Instrumentation (i): Piano (+ horn), bass clarinet, violin (or viola), cello, bass, electric guitar, 2 percussion (vibes, tam-tam, sizzle cymbal, marimba, bells).
First performance: Almeida Festival, Union Chapel, London, 13 June 1987.
Instrumentation (ii) (arr. Roger Heaton) Piano, bass-clarinet, violin
First performance Huddersfield, November 22 1992
The Old Tower of Löbenicht (1986, rev. 1994)
The original ensemble version of this piece was first performed at the Almeida Festival in 1986 (and later recorded for ECM Records) and is a sketch for an instrumental interlude in a projected opera based on Thomas De Quincey’s The Last Days of Immanuel Kant. It occurs at a point in the opera where Kant is disturbed at the way in which growing poplar trees have obscured the view of a distant tower which “he could not be said properly to see..but (which) rested upon his eye as distant music on the ear – obscurely, or but half revealed to the consciousness”. The owner of the trees, learning of Kant’s distress, has them cropped. This interlude, which is broadly symmetrical, represents in effect the two different states of Kant’s response to his perceptions of the old tower.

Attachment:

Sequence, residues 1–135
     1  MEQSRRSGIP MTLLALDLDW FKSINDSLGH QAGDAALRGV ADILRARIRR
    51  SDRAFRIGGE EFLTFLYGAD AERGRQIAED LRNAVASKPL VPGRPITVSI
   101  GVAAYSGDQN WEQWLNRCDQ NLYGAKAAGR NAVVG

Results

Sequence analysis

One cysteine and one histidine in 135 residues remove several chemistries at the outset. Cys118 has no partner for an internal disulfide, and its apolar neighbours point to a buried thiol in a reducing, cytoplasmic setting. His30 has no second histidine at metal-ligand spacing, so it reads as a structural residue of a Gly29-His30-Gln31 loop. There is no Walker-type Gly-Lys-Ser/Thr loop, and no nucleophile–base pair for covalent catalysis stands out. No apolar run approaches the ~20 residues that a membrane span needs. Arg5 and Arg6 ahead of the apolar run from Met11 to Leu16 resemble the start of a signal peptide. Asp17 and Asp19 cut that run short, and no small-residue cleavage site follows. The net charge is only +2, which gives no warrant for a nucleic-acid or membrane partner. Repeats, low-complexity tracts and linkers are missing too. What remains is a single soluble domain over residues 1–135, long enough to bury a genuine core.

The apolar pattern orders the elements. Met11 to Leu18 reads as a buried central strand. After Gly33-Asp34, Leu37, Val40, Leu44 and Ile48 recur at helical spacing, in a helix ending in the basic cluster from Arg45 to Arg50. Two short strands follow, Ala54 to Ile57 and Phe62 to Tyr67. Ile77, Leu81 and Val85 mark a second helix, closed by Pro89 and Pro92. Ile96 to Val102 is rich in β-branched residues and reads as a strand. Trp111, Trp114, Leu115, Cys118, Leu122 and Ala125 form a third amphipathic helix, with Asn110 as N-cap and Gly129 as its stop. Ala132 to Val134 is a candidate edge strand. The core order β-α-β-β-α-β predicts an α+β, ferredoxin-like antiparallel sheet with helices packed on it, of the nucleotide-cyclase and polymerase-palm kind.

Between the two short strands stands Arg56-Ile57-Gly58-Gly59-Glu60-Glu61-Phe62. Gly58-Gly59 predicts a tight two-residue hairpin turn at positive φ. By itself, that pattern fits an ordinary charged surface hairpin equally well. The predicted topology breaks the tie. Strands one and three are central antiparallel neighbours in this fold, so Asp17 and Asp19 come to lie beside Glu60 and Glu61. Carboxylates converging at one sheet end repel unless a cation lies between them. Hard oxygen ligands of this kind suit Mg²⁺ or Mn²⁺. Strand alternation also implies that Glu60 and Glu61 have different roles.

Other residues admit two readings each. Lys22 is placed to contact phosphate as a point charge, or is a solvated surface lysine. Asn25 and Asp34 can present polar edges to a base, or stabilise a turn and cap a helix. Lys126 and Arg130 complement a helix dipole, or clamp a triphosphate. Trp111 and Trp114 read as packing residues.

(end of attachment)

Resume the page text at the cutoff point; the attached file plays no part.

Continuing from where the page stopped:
Since making this first version I have revised the piece in two ways. Firstly I have re-written the solo part for my cellist, Sophie Harris. Secondly I have added a short prelude, based on John Coltrane’s “After the Rain”. The concert we were to have given in a beautiful outdoor courtyard in Ferrara was cancelled when a violent storm broke out just as we were about to play. This prelude (“Doppo la Pioggia”) was written the next morning to open the postponed performance.